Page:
The impact that dyslexia has is different for each person, and depends on the severity of the condition. The most common effects are problems with reading, spelling, and writing. Some people with dyslexia do not have difficulties with early reading and spelling tasks, but experience difficulties when more complex language skills are required such as grammar, comprehension and written expression.
People with dyslexia can also have problems with spoken language. They may find it difficult to express themselves clearly, or to comprehend what others are saying as they speak. Such language problems are often difficult to recognise, but they can lead to major problems in school, the workplace, and in relating to other people. The effects of dyslexia reach well beyond the classroom.
Dyslexia can also affect a person’s self-image and self-esteem. Students with dyslexia often end up feeling “dumb” and less capable of tasks than they actually are.
What are the signs of dyslexia?
The problems displayed by individuals with dyslexia involve difficulties in acquiring and using language. Reading and writing letters in the wrong order is just one manifestation of dyslexia and does not occur in all cases.
Other problems experienced by people with dyslexia include:
- learning to speak
- organizing written and spoken language
- learning letters and their sounds
- memorizing number facts
- learning a foreign language
- correctly doing math operations
What can be done about it?
Dyslexia is a life-long condition. With proper help, people with dyslexia can learn to read and write well, and early identification is the key. If you believe your child may have dyslexia, please contact us to arrange a dyslexia assessment.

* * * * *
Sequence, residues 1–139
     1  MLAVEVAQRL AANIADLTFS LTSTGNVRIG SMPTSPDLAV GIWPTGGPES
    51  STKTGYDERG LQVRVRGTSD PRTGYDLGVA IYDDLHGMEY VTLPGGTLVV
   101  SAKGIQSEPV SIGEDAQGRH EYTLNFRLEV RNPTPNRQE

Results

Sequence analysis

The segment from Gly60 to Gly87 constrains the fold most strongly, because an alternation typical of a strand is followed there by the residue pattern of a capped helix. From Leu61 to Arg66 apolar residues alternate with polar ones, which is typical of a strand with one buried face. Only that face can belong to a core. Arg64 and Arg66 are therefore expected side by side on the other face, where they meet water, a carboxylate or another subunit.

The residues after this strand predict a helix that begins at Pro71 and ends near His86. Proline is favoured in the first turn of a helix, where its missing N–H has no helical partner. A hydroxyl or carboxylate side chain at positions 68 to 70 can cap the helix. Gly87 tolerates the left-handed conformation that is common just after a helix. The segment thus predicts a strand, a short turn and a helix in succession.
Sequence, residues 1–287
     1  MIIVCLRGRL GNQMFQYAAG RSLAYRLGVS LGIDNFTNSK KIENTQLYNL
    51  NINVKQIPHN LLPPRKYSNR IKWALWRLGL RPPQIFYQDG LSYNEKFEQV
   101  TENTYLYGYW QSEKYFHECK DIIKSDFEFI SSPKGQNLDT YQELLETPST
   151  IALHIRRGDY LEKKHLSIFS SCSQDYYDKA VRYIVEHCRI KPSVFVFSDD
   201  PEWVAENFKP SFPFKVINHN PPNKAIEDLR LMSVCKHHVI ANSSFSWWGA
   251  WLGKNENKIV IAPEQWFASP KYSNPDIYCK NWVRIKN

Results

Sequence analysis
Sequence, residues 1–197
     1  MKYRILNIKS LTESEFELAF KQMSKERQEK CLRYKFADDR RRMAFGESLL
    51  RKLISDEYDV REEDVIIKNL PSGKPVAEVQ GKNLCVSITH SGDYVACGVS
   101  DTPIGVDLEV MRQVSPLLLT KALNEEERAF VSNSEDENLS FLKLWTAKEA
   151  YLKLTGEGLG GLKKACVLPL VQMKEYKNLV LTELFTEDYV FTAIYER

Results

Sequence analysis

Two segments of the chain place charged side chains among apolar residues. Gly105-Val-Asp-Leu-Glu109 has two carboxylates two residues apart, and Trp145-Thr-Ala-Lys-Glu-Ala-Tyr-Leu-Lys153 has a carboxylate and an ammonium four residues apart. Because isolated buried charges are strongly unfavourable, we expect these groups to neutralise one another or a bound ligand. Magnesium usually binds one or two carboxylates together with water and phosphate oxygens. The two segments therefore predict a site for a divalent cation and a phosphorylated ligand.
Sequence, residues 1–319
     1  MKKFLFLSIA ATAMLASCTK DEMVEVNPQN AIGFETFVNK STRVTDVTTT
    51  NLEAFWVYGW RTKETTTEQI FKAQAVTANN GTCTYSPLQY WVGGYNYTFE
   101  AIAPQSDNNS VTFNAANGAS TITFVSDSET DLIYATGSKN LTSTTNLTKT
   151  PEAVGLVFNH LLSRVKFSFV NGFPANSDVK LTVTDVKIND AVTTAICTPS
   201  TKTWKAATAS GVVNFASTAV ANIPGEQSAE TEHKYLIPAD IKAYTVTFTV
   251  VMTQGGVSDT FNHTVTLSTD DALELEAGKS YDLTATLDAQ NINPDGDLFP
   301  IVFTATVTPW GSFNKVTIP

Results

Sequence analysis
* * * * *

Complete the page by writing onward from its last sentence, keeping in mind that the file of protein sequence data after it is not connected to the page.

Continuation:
Information for this article was gathered from The International Dyslexia Association, from The Children, Youth and Women’s Health Service and Professor Maggie Snowling during our participation at the SPELD Conference 2009.
Jacqui Olsson attended the 2009 SPELD Conference on Wednesday, 7th October 2009.This year’s conference focused on Reading and Language difficulties, and guest speakers from Australia and Overseas presented on topics such as dyslexia and language impairment, methods of teaching vocabulary, improving the quality of students’ written texts, development and assessment of students’ spelling skills and managing disruptive behaviour. To learn more about these issues, please visit our resources page.
SPELD NSW is an association of parents and professionals interested and involved in advancing the education and general well-being of children and adults with Specific Learning Difficulties or learning disability.
If you believe your child may be experiencing learning difficulties, please contact us to arrange an appointment.
We have become members of the Australian Association for Research in Education (AARE). The AARE is the national association for fostering educational research in Australia. AARE facilitates contact between educational researchers and supports the development of high-quality educational research.
This is in line with Kimberley O’Brien, our principal child psychologist, current Ph.D. research topic: Self-esteem and social relationships among students in transition to Year 7. Kimberley has been conduction this research for 4 years under the supervision of Assoc. Prof. Helen Watt from Monash University.
Kimberley will present her initial finding on the next International Education Research Conference n Canberra in November 2009.
The Quirky Kid clinic offer in school workshops addressing transition, bullying, self-esteem and relationships. Please contact us on 02 9362 9297 for more information or to book a workshop on your school.